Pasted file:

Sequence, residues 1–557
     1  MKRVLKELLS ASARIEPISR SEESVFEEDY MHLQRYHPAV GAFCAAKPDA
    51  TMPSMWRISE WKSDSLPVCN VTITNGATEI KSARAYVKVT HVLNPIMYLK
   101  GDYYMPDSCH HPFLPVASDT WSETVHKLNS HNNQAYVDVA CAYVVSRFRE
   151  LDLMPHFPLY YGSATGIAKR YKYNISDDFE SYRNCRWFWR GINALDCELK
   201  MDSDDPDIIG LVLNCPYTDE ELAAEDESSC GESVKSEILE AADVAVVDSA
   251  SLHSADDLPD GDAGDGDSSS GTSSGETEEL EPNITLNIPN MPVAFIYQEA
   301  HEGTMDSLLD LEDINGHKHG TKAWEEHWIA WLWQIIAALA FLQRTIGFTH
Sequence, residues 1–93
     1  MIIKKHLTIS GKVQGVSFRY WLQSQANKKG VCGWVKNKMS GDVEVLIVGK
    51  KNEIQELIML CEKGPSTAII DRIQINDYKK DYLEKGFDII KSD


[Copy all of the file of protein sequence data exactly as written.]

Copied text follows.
Sequence, residues 1–557
     1  MKRVLKELLS ASARIEPISR SEESVFEEDY MHLQRYHPAV GAFCAAKPDA
    51  TMPSMWRISE WKSDSLPVCN VTITNGATEI KSARAYVKVT HVLNPIMYLK
   101  GDYYMPDSCH HPFLPVASDT WSETVHKLNS HNNQAYVDVA CAYVVSRFRE
   151  LDLMPHFPLY YGSATGIAKR YKYNISDDFE SYRNCRWFWR GINALDCELK
   201  MDSDDPDIIG LVLNCPYTDE ELAAEDESSC GESVKSEILE AADVAVVDSA
   251  SLHSADDLPD GDAGDGDSSS GTSSGETEEL EPNITLNIPN MPVAFIYQEA
   301  HEGTMDSLLD LEDINGHKHG TKAWEEHWIA WLWQIIAALA FLQRTIGFTH
Sequence, residues 1–93
     1  MIIKKHLTIS GKVQGVSFRY WLQSQANKKG VCGWVKNKMS GDVEVLIVGK
    51  KNEIQELIML CEKGPSTAII DRIQINDYKK DYLEKGFDII KSD